The History of Third Sector Marketing.
The history of Third Sector marketing is a neglected area of research. The Third Sector has existed in Europe since at least the Middle Ages. In the UK it began to become increasingly significant from the eighteenth century onwards. Previously charity had been closely associated with organised religion. Now many non-sectarian charities emerged such as Thomas Coram’s Foundling Hospital in London. However, organised religion remained significant in the Third Sector. Good examples are the various nineteenth century European and North American Christian missionary organisations devoted to saving the souls of people living in the global south. During the nineteenth century international third sector organisations emerged such as the International Committee of the Red Cross. In the US we see a similar development of the Third Sector to that in the UK. In addition, during the early twentieth century we see the emergence in the US of non-governmental organisations such as the National Association for the Advancement of Colored People, the American Civil Liberties Union, and the Anti-Defamation League of B’nai B’rith. Furthermore, in the United States wealthy individual have often bequeathed their fortunes to foundations (non-profit).
Many Third Sector organisations lack endowments from wealthy individuals, particularly outside the United States. They are thus required to engage in fund-raising marketing. This takes many forms including newspaper advertising and direct mail. In the UK since the mid-twentieth century many of the largest charities have created chains of shops selling second hand goods gifted to them alongside other merchandise such as greeting cards. For example, Oxfam opened its first shop in 1943. George Gosling of the University of Wolverhampton is currently working on a history of British charity-run shops. As well as fundraising Third Sector organisations also use marketing to engage with their particular constituencies for other purposes.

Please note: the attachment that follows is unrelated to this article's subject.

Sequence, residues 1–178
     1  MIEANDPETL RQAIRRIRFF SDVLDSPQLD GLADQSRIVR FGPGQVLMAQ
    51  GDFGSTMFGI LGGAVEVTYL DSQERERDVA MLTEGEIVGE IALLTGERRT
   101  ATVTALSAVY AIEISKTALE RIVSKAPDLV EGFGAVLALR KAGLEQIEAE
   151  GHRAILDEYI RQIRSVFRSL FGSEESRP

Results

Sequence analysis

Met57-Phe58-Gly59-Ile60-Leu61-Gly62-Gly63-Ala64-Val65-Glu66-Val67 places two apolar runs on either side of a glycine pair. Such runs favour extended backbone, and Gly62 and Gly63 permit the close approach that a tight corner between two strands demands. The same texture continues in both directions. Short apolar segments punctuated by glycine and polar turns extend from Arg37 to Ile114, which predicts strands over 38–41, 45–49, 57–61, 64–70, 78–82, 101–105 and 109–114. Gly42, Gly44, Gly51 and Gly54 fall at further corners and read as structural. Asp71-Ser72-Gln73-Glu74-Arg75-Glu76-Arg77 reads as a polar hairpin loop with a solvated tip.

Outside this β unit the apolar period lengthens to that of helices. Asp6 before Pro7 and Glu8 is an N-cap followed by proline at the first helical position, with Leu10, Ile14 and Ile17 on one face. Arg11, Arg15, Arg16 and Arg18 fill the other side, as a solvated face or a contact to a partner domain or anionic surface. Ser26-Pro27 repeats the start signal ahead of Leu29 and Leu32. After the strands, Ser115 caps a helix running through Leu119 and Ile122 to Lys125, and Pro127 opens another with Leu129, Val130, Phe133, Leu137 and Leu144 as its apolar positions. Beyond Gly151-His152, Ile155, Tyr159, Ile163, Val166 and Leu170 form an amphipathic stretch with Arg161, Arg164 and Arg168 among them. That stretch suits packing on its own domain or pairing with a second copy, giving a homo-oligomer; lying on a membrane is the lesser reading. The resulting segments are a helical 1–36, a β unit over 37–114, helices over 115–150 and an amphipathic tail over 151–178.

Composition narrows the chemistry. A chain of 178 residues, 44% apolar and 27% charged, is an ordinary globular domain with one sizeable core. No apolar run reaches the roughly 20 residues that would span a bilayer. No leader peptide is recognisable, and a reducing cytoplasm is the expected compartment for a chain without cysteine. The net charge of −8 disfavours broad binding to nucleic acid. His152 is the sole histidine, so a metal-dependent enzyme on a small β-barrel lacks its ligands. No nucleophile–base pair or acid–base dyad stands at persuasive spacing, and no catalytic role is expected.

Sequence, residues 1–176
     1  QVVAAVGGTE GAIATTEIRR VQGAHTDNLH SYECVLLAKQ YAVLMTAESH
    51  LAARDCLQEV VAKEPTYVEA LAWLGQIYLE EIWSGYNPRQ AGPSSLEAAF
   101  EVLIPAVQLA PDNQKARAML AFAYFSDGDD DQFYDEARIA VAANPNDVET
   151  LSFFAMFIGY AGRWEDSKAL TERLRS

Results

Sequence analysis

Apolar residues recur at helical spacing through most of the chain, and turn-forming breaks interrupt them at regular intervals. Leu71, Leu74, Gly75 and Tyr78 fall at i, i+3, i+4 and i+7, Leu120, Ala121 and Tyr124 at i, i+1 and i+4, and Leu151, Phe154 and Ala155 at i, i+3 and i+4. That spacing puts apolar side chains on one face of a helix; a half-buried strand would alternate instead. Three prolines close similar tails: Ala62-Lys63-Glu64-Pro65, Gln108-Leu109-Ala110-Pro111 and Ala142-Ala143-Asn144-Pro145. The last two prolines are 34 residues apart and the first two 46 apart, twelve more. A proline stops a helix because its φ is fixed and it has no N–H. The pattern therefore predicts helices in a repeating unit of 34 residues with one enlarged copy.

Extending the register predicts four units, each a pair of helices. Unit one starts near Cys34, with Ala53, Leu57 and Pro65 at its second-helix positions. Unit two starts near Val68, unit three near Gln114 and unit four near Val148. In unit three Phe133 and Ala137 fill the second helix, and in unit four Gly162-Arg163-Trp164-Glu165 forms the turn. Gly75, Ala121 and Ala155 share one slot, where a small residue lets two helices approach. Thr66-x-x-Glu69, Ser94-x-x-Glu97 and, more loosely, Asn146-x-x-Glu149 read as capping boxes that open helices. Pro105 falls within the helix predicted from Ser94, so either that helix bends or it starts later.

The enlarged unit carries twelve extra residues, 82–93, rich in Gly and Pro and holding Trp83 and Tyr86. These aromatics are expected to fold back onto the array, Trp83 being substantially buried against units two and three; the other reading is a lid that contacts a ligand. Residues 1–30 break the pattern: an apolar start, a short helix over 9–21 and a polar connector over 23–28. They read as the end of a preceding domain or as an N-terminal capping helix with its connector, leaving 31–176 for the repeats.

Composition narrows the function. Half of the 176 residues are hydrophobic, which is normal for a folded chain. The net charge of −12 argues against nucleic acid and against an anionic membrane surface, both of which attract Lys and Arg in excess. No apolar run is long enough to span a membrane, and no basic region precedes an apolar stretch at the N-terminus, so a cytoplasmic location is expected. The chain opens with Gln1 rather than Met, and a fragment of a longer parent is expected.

Some Third Sector organisations solicit donations from passersby on the street. In the UK the Salvation Army perfected this into a marketing art form during the second half of the nineteenth century with uniformed Christian “soldiers” using collection tins. They were often accompanied by a brass band and a choir. During the late twentieth century an Austrian charity came up with a street collection innovation. It realised that agents working on the street could raise much more money by persuading people to sign up for bank direct debits instead of putting coins or bank notes in a tin. In the UK this has become known as “chugging”. Chugging has become ubiquitous on twenty-first century UK high streets despite its unpopularity with many members of the British and Northern Irish public.
List of Topic Areas
- Non-governmental organisations,
- Foundations (non-profit),
- Community associations
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Dr. Richard A. Hawkins, University of Wolverhampton, UK, [email protected]